Article 2 and 3 of the Uniform Commercial Code codifies commercial law and business practices between merchants pertaining to the sale and lease of goods. In many commercial transactions, the UCC fills in the gaps and provides controlling contract terms that business owners may have failed to address. Parties have the option to opt out of the UCC and to create their own terms, but if they do not, the UCC rules will apply.
UCC sale of goods rules may apply to transactions involving virtually any product or good, including:
- Motor vehicles and their parts;
- Building supplies;
- Business equipment;
- Heavy machinery;
- Tools and safety equipment;
- Consumer products;
- Clothing, apparel and accessories;
- Computers and electronic devices;
- Children’s toys; and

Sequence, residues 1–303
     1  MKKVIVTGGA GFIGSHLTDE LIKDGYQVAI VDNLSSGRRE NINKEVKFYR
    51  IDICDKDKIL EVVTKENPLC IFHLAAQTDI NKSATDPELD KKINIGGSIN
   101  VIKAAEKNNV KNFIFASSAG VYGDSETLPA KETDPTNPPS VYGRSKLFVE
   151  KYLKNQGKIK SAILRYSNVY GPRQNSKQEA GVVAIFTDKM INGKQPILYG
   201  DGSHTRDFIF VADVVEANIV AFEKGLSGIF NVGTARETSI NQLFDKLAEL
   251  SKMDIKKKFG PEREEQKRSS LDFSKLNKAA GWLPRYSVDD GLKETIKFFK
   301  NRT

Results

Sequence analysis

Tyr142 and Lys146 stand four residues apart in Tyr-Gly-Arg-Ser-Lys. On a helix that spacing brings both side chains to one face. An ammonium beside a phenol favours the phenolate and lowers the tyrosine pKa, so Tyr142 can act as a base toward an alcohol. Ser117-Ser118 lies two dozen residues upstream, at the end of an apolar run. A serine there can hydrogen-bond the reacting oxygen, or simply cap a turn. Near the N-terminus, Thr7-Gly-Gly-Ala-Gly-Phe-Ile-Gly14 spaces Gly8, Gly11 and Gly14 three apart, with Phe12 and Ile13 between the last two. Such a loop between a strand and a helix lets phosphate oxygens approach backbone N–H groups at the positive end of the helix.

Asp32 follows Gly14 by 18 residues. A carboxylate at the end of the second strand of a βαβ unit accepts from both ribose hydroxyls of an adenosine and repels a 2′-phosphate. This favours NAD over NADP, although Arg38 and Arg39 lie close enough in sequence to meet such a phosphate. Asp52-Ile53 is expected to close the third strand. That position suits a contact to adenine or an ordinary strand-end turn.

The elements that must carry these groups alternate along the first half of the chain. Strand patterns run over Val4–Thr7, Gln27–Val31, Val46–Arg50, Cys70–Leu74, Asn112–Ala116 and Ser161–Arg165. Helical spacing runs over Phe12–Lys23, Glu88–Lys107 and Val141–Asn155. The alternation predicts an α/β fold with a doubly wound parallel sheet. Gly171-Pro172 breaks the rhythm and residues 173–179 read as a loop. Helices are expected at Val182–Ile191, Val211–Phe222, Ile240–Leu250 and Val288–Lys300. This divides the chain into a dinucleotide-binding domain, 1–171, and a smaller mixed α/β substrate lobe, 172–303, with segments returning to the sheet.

- Home appliances.
Although the UCC attempts to take a practical approach to commercial transactions, it can leave some issues open to interpretation. Language like “industry standards” or “reasonable” can be interpreted in various ways, and it is important to have an attorney who can protect your interests in these matters. The UCC can work in your favor, but you need to make sure your interests are properly represented and your rights are protected. That is our goal at Edelboim Lieberman Revah Oshinsky PLLC.